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Syrian government troops mass in northwest after making gains

Strategic town of Maaret al-Numan may be next target of Russia-backed government offensive
Syrian government forces are transported in military vehicles towards town of Khan Sheikhoun in northern Idlib province on Saturday (AFP)

Syrian government forces massed on Saturday in northwest Syria in an apparent bid to press an offensive against militants and allied rebels that has heightened tensions with neighbouring Turkey.

The Syrian military has since Wednesday seized the key town of Khan Sheikhoun in Idlib province from militants and allied rebels and overrun the countryside to the south.

A new push by Syrian government and Russian forces to take the area has seen heavy strikes and advances this week in the south of Idlib province and nearby Hama, prompting a new civilian exodus, Reuters reported. Hundreds of people have been killed in the campaign since late April, the United Nations says.

In Khan Sheikhoun, smoke still curled into the sky from multiple locations on Saturday among buildings partially or fully destroyed by earlier fighting.

The town was almost deserted by civilians, according to an AFP team on a visit organised by the Syrian army.

The battle in northern Hama, where the army has retaken several other areas, "lasted no more than a few hours, due to the significant firepower that preceded the ground operation," an army officer told AFP, asking not to be identified.

Loyalist fighters gathered north of Khan Sheikhoun on Saturday, the Syrian Observatory for Human Rights said.

"The day after they controlled the area south of Khan Sheikhoun, regime forces began massing in the area north of it," Rami Abdel Rahman, head of the Britain-based monitoring group, told AFP.

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They are "preparing to continue their advance towards the area" of Maaret al-Numan, a town 25km to the north, he said.

After eight years of civil war, the militant-run region of Idlib on the Turkish border is one of the last to escape the Syrian government's control.

In January, Hayat Tahrir al-Sham - an alliance led by Syria's former al-Qaeda affiliate - took full control of the Idlib region.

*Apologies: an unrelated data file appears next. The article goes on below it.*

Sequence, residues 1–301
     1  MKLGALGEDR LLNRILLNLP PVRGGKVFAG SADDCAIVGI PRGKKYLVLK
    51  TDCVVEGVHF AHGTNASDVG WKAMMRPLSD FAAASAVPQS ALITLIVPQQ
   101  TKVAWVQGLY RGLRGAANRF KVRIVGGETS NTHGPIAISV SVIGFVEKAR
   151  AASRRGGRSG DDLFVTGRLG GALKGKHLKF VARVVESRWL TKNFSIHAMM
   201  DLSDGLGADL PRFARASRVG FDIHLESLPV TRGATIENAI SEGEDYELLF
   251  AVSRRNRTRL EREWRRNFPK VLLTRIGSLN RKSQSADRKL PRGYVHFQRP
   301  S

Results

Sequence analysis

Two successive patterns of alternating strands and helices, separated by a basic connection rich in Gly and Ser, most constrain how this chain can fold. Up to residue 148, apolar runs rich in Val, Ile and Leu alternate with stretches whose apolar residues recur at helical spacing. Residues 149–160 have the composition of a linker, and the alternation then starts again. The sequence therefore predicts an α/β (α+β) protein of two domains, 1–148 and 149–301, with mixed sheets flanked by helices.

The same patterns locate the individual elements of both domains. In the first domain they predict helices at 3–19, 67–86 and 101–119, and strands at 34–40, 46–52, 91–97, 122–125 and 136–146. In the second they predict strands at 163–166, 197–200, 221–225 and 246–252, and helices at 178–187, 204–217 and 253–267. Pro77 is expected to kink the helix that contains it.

Backed by Russia, President Bashar al-Assad's forces have chipped away at the south of the stronghold in recent weeks after months of deadly bombardment.

On roads serving Khan Sheikhoun, tanks could be seen by the AFP reporters, while small trucks carried soldiers, deployed in their dozens in several locations.

The Syrian national flag flew near a school, in front of which troops stood guard.

AFP reporters spotted only two families in the town.

On Saturday, heavy bombardment hit the region in an apparent preparation for a push farther north, Abdel Rahman said.

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Idlib city itself has largely been spared air strikes since a major bombing campaign on the territory began in late April, but on Saturday its outskirts were hit from the air, the Observatory and opposition media said, according to Reuters.

Heavy strikes continued to hit the south of Idlib province, including around Maarat al-Numan, a city that has been a sanctuary for families fleeing former rebel areas around the country. This week tens of thousands fled to Syria's border with Turkey as the fighting advanced.

Turkish President Recep Tayyip Erdogan is to visit Moscow on Tuesday for talks with his Russian counterpart, Vladimir Putin. They and their Iranian counterpart, Hassan Rouhani - whose country supports Assad - are also to convene in Ankara on 16 September.

An AFP correspondent saw thick grey smoke billow up into a clear blue sky after a strike on the outskirts of Maaret al-Numan.

After Khan Sheikhoun, Maaret al-Numan is the next town on a key highway running across Idlib province that analysts say is coveted by Damascus.

Full government control of that road would allow it to fully connect the capital with second city Aleppo, retaken from opposition fighters in late 2016.

Also on Saturday, a car bomb in Idlib city killed two people, the Observatory said, but there was no immediate claim of responsibility.

Russian and Syrian government bombardment since late April has killed about 900 civilians, the Observatory says.

A further 400,000 have been forced to flee their homes, according to the United Nations.

Syria's war has killed more than 370,000 people since starting with the brutal repression of anti-government protests in 2011.